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Archaeology and the Emergence of Greece$
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Anthony Snodgrass

Print publication date: 2006

Print ISBN-13: 9780748623334

Published to Edinburgh Scholarship Online: March 2012

DOI: 10.3366/edinburgh/9780748623334.001.0001

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Separate Tables? A Story of Two Traditions within One Discipline

Separate Tables? A Story of Two Traditions within One Discipline

Chapter:
(p.105) Chapter 5 Separate Tables? A Story of Two Traditions within One Discipline
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Archaeology and the Emergence of Greece
Author(s):

Anthony Snodgrass

Publisher:
Edinburgh University Press
DOI:10.3366/edinburgh/9780748623334.003.0005

Is there a problem with traditional classical archaeology, and if so, what is it? The effective loss of ‘ownership’, by British classical archaeology, of one of its former components, the archaeology of Roman Britain, gives some food for thought, regardless of any comparison with that of Roman Germany. The unification of Germany set in motion a whole series of schemes, backed by much-increased funding, in which archaeology played a much more central role than would be imaginable in Britain. In Britain, prehistory has for centuries been accepted as the dominant component of archaeology.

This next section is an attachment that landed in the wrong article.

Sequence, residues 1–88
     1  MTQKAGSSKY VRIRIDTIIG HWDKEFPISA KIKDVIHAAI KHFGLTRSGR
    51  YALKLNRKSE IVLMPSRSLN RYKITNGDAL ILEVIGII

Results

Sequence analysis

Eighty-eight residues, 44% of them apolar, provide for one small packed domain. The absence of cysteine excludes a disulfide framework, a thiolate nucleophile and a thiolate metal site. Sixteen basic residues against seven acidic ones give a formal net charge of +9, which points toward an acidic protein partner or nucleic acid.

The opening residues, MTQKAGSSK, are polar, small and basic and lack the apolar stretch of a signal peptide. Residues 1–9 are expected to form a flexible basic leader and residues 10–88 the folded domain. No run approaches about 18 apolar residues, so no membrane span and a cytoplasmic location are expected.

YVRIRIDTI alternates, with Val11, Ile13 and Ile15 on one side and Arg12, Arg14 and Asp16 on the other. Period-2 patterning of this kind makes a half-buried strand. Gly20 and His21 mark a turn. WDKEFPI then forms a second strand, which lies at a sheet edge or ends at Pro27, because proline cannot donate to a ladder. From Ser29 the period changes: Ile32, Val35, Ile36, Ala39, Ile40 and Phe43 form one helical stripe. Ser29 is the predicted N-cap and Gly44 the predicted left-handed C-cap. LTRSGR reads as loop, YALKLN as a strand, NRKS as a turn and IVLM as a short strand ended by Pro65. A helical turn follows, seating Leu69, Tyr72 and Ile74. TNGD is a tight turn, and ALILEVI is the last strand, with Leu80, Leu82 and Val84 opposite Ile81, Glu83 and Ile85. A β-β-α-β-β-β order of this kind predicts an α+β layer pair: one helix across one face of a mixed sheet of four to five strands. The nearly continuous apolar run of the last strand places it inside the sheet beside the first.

Keywords:   Britain, classical archaeology, Germany, prehistory

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